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Britain's Prime Minister David Cameron (R) welcomes Chinese President Xi Jinping to his official residence at Chequers, England, October 22, 2015. REUTERS/Kirsty Wigglesworth/Pool
Order from Chaos

Sino-EU relations, a post-Brexit jump into the unknown?

Editors’ Note: Outgoing British Prime Minister David Cameron once proudly stated that “there is no country in the Western world more open to Chinese investment than Britain.” What will happen to the Sino-British relationship now that the U.K. will almost certainly leave the EU? This post originally appeared in the Nikkei Asia Review.

One of the many side effects of the June 23 British referendum on the European Union is that it will put an end to a honeymoon that had barely started less than a year ago, when George Osborne, the U.K.’s chancellor of the exchequer, declared on the eve of Chinese President Xi Jinping’s state visit to Britain: “Let’s stick together and make a golden decade for both our countries.” Much has happened since the visit, during which Xi was feted as a guest of honor by Queen Elizabeth II at Buckingham Palace and at the British Parliament.

Over the past three years, British Prime Minister David Cameron and Osborne, (the man in effect running the country’s China policy), seem to have partly anticipated the referendum’s outcome by partnering with a few Asian countries outside the European Union—China especially—that would help finance some of the major infrastructure projects needed by the U.K., including nuclear plants, high-speed railways and airport infrastructure.

Now, in the turmoil following the referendum, Cameron is on the way out and Osborne’s future remains uncertain. What will happen to the Sino-British relationship now that the U.K. will almost certainly leave the EU? Initial signals from China have been subdued. Foreign Ministry spokeswoman Hua Chunying recently said she believed that the impact of Brexit will be at all levels—not only in relations between China and Britain.

“China supports the European integration process and would like to see Europe playing a proactive role in international affairs. We have full confidence in the outlook for the development of China-EU ties,” she said. This is a far cry from the enthusiastic comments in Chinese media on the Sino-British relationship in 2015, when Britain decided—much to the chagrin of Washington, Tokyo, Berlin and Paris—to be the first Western country to join the China-backed Asian Infrastructure Investment Bank (AIIB) and when it hosted Xi, hoping to attract massive Chinese foreign direct investment.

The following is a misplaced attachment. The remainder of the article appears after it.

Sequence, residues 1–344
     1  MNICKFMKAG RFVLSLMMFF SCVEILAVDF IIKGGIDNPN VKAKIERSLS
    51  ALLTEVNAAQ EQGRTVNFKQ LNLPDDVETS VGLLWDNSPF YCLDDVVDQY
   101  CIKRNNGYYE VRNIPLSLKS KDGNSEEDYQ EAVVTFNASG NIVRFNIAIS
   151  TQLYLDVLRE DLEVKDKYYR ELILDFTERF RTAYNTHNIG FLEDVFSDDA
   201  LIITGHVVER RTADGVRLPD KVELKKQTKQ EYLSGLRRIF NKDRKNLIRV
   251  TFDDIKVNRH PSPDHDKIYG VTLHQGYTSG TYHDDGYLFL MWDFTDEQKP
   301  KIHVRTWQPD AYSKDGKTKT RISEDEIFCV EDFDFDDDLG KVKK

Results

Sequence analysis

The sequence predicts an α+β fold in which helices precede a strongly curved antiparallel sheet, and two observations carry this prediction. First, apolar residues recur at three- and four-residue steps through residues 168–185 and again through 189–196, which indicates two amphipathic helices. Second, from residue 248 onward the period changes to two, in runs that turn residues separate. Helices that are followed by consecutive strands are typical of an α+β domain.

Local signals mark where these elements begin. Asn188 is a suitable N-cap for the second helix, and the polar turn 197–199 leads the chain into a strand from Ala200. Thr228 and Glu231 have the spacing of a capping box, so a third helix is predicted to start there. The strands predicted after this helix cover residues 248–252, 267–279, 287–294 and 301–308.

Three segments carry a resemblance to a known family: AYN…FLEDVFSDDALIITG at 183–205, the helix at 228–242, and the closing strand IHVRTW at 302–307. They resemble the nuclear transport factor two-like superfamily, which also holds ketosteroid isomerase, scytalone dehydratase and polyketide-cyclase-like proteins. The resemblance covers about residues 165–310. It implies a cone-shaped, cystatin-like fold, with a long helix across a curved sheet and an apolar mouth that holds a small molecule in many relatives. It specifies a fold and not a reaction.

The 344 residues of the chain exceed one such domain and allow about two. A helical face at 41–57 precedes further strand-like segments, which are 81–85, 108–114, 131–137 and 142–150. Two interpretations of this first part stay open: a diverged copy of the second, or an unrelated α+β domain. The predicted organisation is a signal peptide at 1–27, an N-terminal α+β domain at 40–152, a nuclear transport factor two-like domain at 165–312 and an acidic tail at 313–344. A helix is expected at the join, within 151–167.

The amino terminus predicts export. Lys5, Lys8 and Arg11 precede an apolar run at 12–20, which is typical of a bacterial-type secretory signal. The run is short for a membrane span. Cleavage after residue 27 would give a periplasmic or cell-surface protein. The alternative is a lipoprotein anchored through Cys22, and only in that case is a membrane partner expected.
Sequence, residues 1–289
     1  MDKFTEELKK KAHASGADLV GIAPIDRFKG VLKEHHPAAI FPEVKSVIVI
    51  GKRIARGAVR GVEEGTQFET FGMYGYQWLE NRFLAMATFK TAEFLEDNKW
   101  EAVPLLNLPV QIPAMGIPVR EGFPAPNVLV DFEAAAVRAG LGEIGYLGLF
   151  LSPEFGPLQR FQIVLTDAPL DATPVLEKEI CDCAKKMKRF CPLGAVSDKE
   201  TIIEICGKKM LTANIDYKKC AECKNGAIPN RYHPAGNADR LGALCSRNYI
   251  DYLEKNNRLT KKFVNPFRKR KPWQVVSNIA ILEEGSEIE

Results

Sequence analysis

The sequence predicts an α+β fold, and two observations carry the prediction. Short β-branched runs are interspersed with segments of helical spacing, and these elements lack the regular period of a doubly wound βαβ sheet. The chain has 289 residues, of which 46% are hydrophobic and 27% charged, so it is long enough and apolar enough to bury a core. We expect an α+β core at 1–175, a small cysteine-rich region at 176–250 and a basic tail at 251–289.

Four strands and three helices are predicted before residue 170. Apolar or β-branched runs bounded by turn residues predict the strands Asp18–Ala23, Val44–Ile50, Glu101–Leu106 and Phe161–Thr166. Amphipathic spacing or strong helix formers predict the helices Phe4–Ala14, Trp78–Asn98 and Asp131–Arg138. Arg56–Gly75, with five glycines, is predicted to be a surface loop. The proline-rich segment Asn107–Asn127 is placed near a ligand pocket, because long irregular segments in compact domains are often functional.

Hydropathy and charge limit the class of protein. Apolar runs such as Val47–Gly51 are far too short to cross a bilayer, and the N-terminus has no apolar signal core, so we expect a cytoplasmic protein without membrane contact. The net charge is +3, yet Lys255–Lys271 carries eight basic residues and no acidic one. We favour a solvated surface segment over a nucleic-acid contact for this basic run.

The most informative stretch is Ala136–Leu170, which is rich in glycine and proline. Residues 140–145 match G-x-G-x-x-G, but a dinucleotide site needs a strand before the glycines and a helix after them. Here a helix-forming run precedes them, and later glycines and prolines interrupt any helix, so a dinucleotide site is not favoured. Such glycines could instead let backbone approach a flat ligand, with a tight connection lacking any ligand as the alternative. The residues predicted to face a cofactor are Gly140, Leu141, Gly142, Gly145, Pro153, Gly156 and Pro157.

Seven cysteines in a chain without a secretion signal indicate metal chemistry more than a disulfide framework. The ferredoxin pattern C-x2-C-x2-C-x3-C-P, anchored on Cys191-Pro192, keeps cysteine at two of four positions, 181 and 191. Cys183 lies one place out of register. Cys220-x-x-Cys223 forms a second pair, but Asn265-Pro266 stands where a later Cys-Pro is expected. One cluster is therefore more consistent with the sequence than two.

Cameron had proudly stated that “there is no country in the Western world more open to Chinese investment than Britain.” The U.K. is currently Europe’s top destination for Chinese FDI with a cumulative investment of $16.6 billion in the country since 2000 (including $3.3 billion in 2015 alone), and many memoranda of understanding signed during Xi’s visit last fall. Will these be completed now that the British people have voted to leave the EU? A few months ago, Wang Jianlin, the head of China’s Dalian Wanda Group—a commercial property and cinema chain operator—and a major investor in Europe warned: “Should Britain exit the EU, many Chinese companies would consider moving their European headquarters to other countries,” adding that “Brexit would not be a smart choice for the U.K., as it would create more obstacles and challenges for investors and visa problems.”

The Global Times, an English-language publication that is part of the Chinese Communist Party’s People’s Daily, was even less sympathetic to the British situation, writing in an editorial after the referendum, that the vote would “probably be a landmark event that proves Britain is heading in the direction of being a small country with few people, writing itself off as hopeless and acting recklessly.”

The Beijing leadership—which uniquely went out of its way to support the Remain camp on several occasions—is puzzled by the referendum’s result, which has not only created some disorder (an unbearable word in official party language) but also led to the resignation of the country’s prime minister and the risk of further pro-autonomy referenda (namely, in Scotland). In the eyes of a communist party fully focused on retaining all its powers, Cameron made a serious mistake as the leader of a major country.